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A fast-growing market
A biosimilar is a biologic medicinal drug that is a copy of a drug made by another company, such as insulin or monoclonal antibodies. Biosimilars can be manufactured once the original drug’s patent has expired, and must go through approval processes that involve citing the original drug.
Unlike generics, biosimilars are not carbon copies of their originators. Because they are made of biological molecules, they are more complex, and typically 10 to 1000 times the size of the small molecules that constitute generic drugs, making it almost impossible to create an exact copy.
Biosimilars can cut the cost of treatments in a similar way to generics; this makes them economically as well as clinically important for healthcare systems and professionals. And this is reflected in the figures – the biosimilars market is set to soar to over $6 billion* in the next five years.
Despite this, familiarity with and knowledge of biosimilars is generally low in the medical community, with 25% of doctors never having heard of them, according to one survey**. The survey, of 470 physicians across Europe who specialize in nephrology, rheumatology, dermatology, neurology, endocrinology and oncology, also revealed that 54% of respondents have only a basic understanding of biosimilars.
Biosimilars in the medical community
In general, acceptance of biosimilars is low in the medical community, according to a needs assessment performed in line with UEMS guidelines. Understanding is also low, including understanding of efficacy and safety data and of interchangeability, substitution, nomenclature, traceability and pharmacovigilance.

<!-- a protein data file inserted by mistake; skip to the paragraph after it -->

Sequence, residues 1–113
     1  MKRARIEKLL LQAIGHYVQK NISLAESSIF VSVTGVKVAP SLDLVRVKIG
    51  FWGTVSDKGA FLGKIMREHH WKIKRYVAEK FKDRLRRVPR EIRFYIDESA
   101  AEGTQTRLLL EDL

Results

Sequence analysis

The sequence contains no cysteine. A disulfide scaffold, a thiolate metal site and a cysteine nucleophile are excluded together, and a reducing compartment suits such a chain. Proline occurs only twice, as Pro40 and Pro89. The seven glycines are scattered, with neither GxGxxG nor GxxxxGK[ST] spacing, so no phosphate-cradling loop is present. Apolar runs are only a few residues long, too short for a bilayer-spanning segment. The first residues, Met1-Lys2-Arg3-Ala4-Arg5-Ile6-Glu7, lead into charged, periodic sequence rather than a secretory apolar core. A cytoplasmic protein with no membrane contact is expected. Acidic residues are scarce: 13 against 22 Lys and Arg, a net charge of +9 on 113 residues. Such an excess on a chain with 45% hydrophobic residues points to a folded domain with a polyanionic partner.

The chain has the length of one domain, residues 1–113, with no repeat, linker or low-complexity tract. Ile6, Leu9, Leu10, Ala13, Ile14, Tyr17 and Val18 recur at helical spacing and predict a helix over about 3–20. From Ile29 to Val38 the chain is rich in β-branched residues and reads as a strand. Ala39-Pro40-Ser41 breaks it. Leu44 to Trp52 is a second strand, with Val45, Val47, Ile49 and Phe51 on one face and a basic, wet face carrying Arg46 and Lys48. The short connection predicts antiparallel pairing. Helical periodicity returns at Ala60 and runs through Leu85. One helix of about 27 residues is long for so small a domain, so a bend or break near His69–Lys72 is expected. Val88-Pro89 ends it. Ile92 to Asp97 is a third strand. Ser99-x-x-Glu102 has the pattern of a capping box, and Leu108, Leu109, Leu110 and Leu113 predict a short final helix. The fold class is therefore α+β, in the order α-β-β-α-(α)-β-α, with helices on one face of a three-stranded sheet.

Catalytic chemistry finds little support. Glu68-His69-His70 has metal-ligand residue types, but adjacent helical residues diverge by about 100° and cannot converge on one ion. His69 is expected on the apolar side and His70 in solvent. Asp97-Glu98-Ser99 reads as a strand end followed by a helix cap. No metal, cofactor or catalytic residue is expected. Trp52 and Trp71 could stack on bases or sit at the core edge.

More than half of the European doctors surveyed think two medicines with the same International Non-proprietary Name (INN) are structurally identical and approved for the same purpose.
A similar survey*** of 405 US physicians revealed similar results, showing a lack of knowledge of biosimilars. But 97% of respondents said that continuing education on biosimilars was at least somewhat important, and 75% said it was important or very important to their practice.
As the name suggests, biosimilars are similar to previously patented medicines, but they are not exact replicas. Because they are different to generics – which are carbon copies of drugs made of small molecules – they follow a different regulatory framework. This is to ensure that they are approved based on sufficient clinical evidence and that efficacy, safety and immunogenicity is measured and appropriate for the approved use.
Although they are structurally and biologically similar to the original drugs, biosimilars may not always work in exactly the same way, or be approved for treating exactly the same indications. This has implications for healthcare professionals, in terms of their interchangeability and substitution – knowing how they work is vital.
The biosimilars market will be worth an estimated $6.22 billion by 2020* – almost three times today’s market of $2.29 billion – making it one of the fastest growing and important markets in healthcare. Given its increasing importance, it is vital that physicians and other healthcare professionals further their understanding and knowledge of biosimilars in the coming years.
*: Biosimilars Market worth $6.22 Billion by 2020. Markets and Markets. Read more
**:ASBM European Prescribers Survey, November 2013. Read more